A team of scientists working at the National Institute of Standards and Technology (NIST) and University of California, Irvine, recently developed a way to magnify them dramatically. Their work has helped illuminate the important role of cholesterol within this boundary between the cell and the outside world.
The multi-institutional team used tools at the NIST Center for Neutron Research (NCNR) to examine the membrane at more than 1,000 times the resolution offered by an optical microscope—the equivalent of magnifying the point of a needle to the size of a large building. This enabled an unprecedented look at the membrane, which—because it controls access to our cells—is a major target for many drugs."Drugs that affect pain sensation, heart rhythm, mood, appetite and memory all target proteins lodged in the cell membrane that function like little gates," says Ella Mihailescu of the Institute for Bioscience and Biotechnology Research, a joint institute of NIST and the University of Maryland. "Because membranes and their proteins are important to medicine, we would like a better picture of how the membrane functions—and not just a better snapshot. We want to see it move, as it does constantly in real life."
These lipid chains form a two-layer skin with the "heads" of the lipids facing outward toward the cell's exterior and interior and the "tails" intermingling on the inside of the cellular membrane. Cholesterol is known to be important for managing disorder in membranes. The team saw for the first time that when cholesterol is present, these tails line up in a tight formation, looking like a narrow stripe from which the lipid chains stretch outward—and producing the order that had been previously anticipated, but never shown directly. But without cholesterol, the tails go a bit wild, flapping around energetically and in some cases even pushing up toward their chains' heads.
Mihailescu says the findings hint that cholesterol may have profound consequences for the membrane's gatekeeper proteins, which are very sensitive to their environment. "The membrane and its proteins interact constantly, so we're curious to learn more," she says. "With this unique magnification technique, we can explore the cell membrane more effectively than ever possible, and we are now establishing a research program with the University of Maryland to do so in greater detail."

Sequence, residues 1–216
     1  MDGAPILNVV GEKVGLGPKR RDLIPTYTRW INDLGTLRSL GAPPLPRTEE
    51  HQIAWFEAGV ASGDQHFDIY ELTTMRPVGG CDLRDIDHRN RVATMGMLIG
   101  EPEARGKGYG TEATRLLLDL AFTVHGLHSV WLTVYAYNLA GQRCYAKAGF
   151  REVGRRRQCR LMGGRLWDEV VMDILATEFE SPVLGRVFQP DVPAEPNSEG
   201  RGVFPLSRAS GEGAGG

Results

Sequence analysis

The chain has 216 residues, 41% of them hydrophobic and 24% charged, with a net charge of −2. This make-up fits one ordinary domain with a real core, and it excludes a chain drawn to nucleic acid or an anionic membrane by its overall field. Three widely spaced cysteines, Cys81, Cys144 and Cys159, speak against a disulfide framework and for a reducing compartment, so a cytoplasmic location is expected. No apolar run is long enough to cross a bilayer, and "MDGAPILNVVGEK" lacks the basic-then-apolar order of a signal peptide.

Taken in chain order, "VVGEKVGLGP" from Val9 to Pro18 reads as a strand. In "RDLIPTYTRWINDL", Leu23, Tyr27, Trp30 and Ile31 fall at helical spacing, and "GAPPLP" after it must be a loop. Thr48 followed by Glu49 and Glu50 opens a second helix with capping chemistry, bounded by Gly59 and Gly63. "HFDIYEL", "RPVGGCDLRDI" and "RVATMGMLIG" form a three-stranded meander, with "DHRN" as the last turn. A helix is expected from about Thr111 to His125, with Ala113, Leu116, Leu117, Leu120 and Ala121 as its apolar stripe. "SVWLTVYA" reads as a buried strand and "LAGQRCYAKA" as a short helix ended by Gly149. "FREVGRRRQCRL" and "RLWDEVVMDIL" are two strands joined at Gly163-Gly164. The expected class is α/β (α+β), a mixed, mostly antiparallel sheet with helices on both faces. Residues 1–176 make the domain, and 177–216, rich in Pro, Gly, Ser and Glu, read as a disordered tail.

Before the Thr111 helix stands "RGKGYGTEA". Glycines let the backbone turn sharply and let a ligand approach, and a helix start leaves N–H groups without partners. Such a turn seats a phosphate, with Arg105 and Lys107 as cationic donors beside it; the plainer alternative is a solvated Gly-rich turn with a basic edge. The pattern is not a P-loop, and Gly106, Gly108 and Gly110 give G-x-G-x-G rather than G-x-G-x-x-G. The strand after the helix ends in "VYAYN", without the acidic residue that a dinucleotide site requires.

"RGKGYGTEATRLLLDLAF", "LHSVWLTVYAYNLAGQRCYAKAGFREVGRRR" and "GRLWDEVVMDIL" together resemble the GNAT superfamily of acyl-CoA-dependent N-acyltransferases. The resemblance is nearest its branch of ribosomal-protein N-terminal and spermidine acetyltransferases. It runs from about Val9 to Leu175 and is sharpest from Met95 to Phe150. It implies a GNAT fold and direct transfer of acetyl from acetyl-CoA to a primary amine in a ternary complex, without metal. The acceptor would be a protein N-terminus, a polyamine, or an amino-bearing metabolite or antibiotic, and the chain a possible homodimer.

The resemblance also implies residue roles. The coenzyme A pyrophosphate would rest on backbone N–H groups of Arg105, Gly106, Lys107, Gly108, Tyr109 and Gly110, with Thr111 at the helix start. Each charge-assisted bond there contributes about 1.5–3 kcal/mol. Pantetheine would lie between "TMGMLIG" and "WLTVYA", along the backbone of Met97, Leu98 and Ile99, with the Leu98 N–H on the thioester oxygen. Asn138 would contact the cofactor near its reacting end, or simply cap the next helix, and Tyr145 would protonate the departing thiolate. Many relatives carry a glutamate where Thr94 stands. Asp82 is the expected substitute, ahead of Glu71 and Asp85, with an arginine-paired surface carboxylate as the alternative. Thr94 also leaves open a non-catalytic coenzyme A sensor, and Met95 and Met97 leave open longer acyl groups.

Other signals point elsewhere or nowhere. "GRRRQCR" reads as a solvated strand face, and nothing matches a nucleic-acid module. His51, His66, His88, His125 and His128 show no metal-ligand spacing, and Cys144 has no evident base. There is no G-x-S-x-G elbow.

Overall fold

* M. Mihailescu, R. G. Vaswani, E. Jardon-Valadez, F. Castro-Roman, J. A. Freites, D. L. Worcester, A. R. Chamberlin, D. J. Tobias and S. H. White. Acyl-chain methyl distributions of liquid-ordered and -disordered membranes. Biophysical Journal, March 2011, Vol. 100, pp. 1455-62, DOI: 10.1016/j.bpj.2011.01.035.
Chad Boutin | EurekAlert!
Immune Defense Without Collateral Damage
23.01.2017 | Universität Basel
The interactome of infected neural cells reveals new therapeutic targets for Zika
23.01.2017 | D'Or Institute for Research and Education
For the first time ever, a cloud of ultra-cold atoms has been successfully created in space on board of a sounding rocket. The MAIUS mission demonstrates that quantum optical sensors can be operated even in harsh environments like space – a prerequi-site for finding answers to the most challenging questions of fundamental physics and an important innovation driver for everyday applications.
According to Albert Einstein's Equivalence Principle, all bodies are accelerated at the same rate by the Earth's gravity, regardless of their properties. This...
An important step towards a completely new experimental access to quantum physics has been made at University of Konstanz. The team of scientists headed by...
Yersiniae cause severe intestinal infections. Studies using Yersinia pseudotuberculosis as a model organism aim to elucidate the infection mechanisms of these...
Researchers from the University of Hamburg in Germany, in collaboration with colleagues from the University of Aarhus in Denmark, have synthesized a new superconducting material by growing a few layers of an antiferromagnetic transition-metal chalcogenide on a bismuth-based topological insulator, both being non-superconducting materials.
While superconductivity and magnetism are generally believed to be mutually exclusive, surprisingly, in this new material, superconducting correlations...
Laser-driving of semimetals allows creating novel quasiparticle states within condensed matter systems and switching between different states on ultrafast time scales
Studying properties of fundamental particles in condensed matter systems is a promising approach to quantum field theory. Quasiparticles offer the opportunity...
19.01.2017 | Event News
10.01.2017 | Event News
09.01.2017 | Event News
23.01.2017 | Health and Medicine
23.01.2017 | Physics and Astronomy
23.01.2017 | Process Engineering